When keeping bass in Pennsylvania, follow the slot rule
I’m not one for keeping bass I catch. Of course, through all my years of fishing there have been exceptions, but that was a long time ago at a much younger age.
Conversely, I'm not condemning those who do creel bass, far from it. And although there seems to be a wave of criticism pointed toward anglers who do keep the large mouths and smallmouths they catch – mostly from those who are deeply entrenched in the world of bass tournaments – I see nothing wrong with the practice as long as the fish are kept in a responsible manner.
From talking with fisheries biologists over the past decade or so, ones from different states and diverse watery environments, they all seem to agree that the best approach for harvesting bass should be one that follows a “slot rule.”
A slot rule may be in the form of a regulation, or simply an initiative, that states fish may only be taken within certain size confines, or in the case of a suggestion, should only be taken within particular size boundaries.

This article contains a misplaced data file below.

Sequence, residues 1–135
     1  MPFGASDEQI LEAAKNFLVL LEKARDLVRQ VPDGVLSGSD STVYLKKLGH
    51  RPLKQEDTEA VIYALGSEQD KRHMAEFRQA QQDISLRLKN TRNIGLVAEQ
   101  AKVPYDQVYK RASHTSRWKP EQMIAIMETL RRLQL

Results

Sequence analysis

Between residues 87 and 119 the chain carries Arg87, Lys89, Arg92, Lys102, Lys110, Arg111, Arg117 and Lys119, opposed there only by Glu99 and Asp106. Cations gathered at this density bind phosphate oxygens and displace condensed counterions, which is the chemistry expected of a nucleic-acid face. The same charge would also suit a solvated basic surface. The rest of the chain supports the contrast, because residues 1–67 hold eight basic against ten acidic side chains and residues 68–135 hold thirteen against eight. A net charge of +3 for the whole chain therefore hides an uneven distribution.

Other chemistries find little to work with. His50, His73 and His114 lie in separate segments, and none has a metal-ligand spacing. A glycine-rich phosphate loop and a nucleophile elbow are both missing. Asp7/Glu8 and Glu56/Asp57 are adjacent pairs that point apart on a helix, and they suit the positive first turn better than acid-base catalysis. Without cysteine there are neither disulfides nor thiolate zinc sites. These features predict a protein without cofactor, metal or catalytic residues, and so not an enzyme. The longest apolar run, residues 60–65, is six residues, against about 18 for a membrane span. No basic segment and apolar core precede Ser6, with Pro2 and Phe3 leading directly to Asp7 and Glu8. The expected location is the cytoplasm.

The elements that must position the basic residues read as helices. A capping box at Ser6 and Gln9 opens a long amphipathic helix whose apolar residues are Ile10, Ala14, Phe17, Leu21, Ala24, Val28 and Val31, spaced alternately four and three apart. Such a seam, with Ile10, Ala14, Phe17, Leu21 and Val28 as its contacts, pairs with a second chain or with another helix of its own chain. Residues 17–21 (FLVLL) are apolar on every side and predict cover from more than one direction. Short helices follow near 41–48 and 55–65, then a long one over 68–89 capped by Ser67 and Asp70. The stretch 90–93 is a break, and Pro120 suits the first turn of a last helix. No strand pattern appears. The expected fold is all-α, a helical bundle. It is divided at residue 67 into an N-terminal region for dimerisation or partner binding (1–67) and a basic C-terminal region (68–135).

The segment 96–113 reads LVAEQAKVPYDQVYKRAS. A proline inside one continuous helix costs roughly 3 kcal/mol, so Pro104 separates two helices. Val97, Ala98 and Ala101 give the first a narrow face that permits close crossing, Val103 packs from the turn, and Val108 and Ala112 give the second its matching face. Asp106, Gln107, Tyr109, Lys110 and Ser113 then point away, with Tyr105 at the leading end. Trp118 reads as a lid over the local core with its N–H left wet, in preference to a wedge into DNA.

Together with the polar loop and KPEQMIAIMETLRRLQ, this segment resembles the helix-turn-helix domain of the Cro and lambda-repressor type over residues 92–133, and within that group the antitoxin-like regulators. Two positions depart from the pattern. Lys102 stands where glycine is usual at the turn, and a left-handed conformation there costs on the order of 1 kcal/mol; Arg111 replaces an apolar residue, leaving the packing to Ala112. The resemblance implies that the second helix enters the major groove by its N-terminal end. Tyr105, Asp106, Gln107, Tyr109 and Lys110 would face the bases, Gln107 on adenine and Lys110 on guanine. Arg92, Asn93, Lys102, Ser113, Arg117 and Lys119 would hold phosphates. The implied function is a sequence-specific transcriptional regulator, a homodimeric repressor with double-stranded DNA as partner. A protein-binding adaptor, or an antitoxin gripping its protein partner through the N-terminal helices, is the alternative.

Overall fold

In essence, abundance of bass in the water one fishes, the water’s size and the water’s ability to sustain a healthy bass population should be the determining factor for harvesting this species.
The biologists I have spoken with seemed to agree with the following example: If fishing a water that has a 12 inch minimum size limit for bass, and you catch a lot of fish that are near that size, but few or none that are big fish – say 18-plus inches – keep your creel to fish that are in the 12-, 13- or 14-inch range, because most likely that water body has too many fish in that size range competing for a limited amount of food.
Removing some of those fish will increase the chances for more of the remaining fish to grow larger, because their food supply will have increased.
Here in Pennsylvania, many lakes and rivers fall under “Big Bass Regulations” that maintain a much larger minimum size regulation, and a decreased creel limit. While this regulation works for increasing the number of bigger bass, it may also produce an end result of many fish just below or just above the size limit, and with few truly big bass swimming that particular water.
Here again, if you intend to keep some fish, keep only those that show the most abundance, which will be those closer to the size limit.
Some lakes and rivers are big enough to have plenty of habitat and space that offer a chance for fish to grow big no matter how heavy the angling pressure. Most bass lakes and smaller streams here in Pennsylvania however, do not.
And while the temptation to keep a big bass may be extremely difficult to bypass, the quick release of that hefty and outsized fish will do more to ensure future good bass fishing at that water than taking the big fellow home.